This Portsdwon 8-band decoder and PTT steering module is designed to work with the 8-band RF output switch. See this page for more details.
It will provide switching signals (either always on, or PTT activated) to 4 power amplifiers and 4 transverters, and it also enables you to set which VCO filter should be switched in for the 4 transverter outputs. PCBs will be available from the BATC Shop.
The firmware for the 16F883 PIC is available here: https://github.com/BritishAmateurTelevisionClub/8-Band-Decode.
The schematic is here: Circuit Schematic
The board layout is here: Board Layout
The parts list, which is currently provisional, and only checked against the DigiKey Part Numbers, is here: File:8 BAND DECODE PARTS.xls
A drill template for the board (which has been designed to be a form and fit replacement for the 4-band decoder) is here: Drill Template
If you have a PIC programmer, you can program the 16F883 using the .hex file here https://github.com/BritishAmateurTelevisionClub/8-Band-Decode. If you program the PIC on the assembled PCB using the 5-pin ICSP header, make sure that the switches for T4 are in the off position as these pins are shared with the programming pins. The PIC will need to be powered with 5 volts for programming, either through the board supply or from your programmer. Note that in normal operation the board will be powered with 3.3 volts and application of 5 volts to program the PIC may damage other circuitry in your Portsdown if you do not disconnect the supply lead.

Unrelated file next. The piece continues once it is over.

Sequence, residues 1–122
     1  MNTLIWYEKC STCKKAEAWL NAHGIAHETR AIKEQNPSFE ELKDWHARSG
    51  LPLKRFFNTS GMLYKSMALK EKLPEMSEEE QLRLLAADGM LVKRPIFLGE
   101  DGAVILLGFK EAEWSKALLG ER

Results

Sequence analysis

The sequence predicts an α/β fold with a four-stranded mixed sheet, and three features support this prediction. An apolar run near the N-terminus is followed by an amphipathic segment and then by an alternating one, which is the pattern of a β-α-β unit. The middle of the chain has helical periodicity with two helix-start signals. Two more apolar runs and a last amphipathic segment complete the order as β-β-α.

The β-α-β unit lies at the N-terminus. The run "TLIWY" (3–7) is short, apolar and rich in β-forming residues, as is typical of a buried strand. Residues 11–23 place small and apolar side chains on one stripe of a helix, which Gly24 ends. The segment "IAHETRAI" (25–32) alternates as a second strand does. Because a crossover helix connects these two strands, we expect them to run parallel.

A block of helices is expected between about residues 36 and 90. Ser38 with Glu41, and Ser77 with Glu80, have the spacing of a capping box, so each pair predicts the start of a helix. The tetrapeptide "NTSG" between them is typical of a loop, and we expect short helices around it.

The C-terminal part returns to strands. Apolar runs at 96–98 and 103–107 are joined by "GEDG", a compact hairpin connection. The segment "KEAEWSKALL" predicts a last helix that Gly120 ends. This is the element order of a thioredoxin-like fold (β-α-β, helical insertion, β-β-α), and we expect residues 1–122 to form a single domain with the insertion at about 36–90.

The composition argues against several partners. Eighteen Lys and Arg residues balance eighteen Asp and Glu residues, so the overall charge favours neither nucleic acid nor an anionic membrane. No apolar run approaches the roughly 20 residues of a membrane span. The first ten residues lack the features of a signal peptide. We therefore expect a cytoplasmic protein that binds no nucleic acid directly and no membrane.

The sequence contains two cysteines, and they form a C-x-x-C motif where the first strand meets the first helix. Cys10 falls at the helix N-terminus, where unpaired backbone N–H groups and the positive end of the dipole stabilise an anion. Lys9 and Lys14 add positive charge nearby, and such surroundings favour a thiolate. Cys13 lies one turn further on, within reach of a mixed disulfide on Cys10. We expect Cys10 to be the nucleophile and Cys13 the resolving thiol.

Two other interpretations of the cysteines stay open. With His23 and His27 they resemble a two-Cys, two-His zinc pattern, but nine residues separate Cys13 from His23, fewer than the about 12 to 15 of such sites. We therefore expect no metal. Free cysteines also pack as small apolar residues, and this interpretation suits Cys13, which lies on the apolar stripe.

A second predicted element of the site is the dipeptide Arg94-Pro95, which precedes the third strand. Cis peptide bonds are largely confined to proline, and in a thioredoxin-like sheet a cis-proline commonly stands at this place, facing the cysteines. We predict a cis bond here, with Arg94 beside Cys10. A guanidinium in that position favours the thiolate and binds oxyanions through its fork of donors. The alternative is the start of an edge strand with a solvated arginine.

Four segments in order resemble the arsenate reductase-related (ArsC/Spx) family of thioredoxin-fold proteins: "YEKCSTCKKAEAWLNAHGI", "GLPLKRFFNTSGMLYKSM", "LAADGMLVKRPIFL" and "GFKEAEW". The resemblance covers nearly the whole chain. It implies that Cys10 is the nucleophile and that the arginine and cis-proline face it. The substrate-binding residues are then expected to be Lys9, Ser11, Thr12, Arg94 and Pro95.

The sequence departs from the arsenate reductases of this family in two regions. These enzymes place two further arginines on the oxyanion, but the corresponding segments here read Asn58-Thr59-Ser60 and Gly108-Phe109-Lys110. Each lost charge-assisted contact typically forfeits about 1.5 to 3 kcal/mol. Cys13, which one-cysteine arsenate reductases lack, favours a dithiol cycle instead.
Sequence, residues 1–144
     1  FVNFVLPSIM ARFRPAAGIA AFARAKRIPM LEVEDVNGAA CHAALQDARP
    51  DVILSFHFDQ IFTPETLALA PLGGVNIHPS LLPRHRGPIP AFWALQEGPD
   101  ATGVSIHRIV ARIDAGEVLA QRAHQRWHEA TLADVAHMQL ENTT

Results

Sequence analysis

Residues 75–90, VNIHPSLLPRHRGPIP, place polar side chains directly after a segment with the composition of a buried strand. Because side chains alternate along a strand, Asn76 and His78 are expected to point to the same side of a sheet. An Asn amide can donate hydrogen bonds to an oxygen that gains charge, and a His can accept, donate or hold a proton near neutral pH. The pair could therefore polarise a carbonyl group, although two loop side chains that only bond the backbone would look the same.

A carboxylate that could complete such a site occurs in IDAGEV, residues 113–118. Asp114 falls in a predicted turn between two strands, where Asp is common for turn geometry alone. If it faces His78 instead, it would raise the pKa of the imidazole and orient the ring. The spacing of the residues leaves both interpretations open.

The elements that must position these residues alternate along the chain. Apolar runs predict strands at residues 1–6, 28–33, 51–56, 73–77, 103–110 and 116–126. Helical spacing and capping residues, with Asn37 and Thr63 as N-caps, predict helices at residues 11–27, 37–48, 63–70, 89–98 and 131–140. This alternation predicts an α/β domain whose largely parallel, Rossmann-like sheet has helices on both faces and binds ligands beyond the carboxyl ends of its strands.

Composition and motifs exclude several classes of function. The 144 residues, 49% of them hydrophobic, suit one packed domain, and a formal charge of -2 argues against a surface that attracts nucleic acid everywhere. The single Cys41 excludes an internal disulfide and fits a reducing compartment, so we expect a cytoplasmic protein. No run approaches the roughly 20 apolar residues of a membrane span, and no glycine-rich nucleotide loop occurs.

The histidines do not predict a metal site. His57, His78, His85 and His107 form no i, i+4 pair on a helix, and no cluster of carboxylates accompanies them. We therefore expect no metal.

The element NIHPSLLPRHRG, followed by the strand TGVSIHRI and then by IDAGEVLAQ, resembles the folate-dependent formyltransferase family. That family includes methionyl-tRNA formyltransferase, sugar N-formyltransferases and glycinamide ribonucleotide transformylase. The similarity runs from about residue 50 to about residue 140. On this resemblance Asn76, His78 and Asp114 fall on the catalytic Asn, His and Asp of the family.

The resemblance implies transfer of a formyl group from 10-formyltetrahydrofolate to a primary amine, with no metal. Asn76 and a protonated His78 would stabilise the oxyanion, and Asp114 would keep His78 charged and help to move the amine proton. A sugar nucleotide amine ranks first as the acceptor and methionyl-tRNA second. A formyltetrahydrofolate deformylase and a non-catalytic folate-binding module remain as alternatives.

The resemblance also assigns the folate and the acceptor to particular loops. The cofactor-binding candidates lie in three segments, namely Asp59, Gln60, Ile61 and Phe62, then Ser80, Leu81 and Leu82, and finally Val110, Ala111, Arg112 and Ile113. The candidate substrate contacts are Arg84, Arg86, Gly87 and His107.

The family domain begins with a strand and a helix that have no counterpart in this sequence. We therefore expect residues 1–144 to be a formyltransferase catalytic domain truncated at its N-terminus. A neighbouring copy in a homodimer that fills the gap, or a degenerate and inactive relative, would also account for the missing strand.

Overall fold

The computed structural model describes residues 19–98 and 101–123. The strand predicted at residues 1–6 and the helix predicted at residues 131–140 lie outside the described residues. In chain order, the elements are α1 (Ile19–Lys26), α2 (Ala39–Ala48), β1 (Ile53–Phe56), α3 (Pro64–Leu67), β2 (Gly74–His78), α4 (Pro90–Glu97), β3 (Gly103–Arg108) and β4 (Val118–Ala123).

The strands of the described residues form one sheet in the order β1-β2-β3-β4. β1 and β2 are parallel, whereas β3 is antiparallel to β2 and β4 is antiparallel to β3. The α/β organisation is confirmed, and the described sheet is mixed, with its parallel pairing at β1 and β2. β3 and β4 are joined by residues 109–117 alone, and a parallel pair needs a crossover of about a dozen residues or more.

Alternatively, programmed PICs may be available from the BATC Shop.
There are 3 logic input lines that run from the GPIO breakout board to J1: The LSB and the MSB come from the 4 band switch connector. The “T” (transverter) line comes from GPIO Pin 7 which you will find labelled as "Pin 7" of the Digithin connector of the GPIO breakout board. These 3 logic lines also need to be routed to the 8-way RF switch. The current consumption of the board is low, so it could be powered by 3v3 from the Raspberry Pi.
To overcome a bug that was introduced with the Stretch Operating system, a 10K resistor should be added between “T” (transverter) line and ground. This will prevent the spurious selection of transverter mode at the end of each transmission.
You will also need to run two wires from J2 of the 8-Band Decoder board to J3 on the VCO LO filter board, as these should no longer be directly controlled by the RPi.
The PTT Jumper determines whether the Band Outputs are only active on transmit, or are active all the time.
Setting the VCO Filter for Transverter Bands
One of the reasons for using a PIC on this PCB is to allow the LO Filter to be set correctly for the Transverter bands. The 8 DIP switches (or solder bridges if the switch is not fitted) need programming depending on the IF frequency used for each transverter.
The board is marked with T1, T2, T3 and T4 to designate the pair of switches for each transverter; it is also marked with LSB (nearest J2) and MSB (nearest J3) Use the following table to determine the settings for each transverter.
|IF Frequency MHz||IF Band||LSB||MSB|
|< 100 MHz||71 MHz||On||On|
|100 - 250 MHz||146 MHz||Off||On|
|250 - 950 MHz||437 MHz||On||Off|
|950 - 4400 MHz||23cms||Off||Off|
"On" is equivalent to bridged with solder.
The board layout for V2.1 (which is electrically the same as V2.0, but has some slightly larger holes for JP1 and J8 and 3mm mounting holes, is shown below.